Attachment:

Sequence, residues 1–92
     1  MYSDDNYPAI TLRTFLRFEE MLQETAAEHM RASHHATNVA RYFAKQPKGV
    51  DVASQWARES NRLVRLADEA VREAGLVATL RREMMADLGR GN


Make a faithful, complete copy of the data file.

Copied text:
Sequence, residues 1–92
     1  MYSDDNYPAI TLRTFLRFEE MLQETAAEHM RASHHATNVA RYFAKQPKGV
    51  DVASQWARES NRLVRLADEA VREAGLVATL RREMMADLGR GN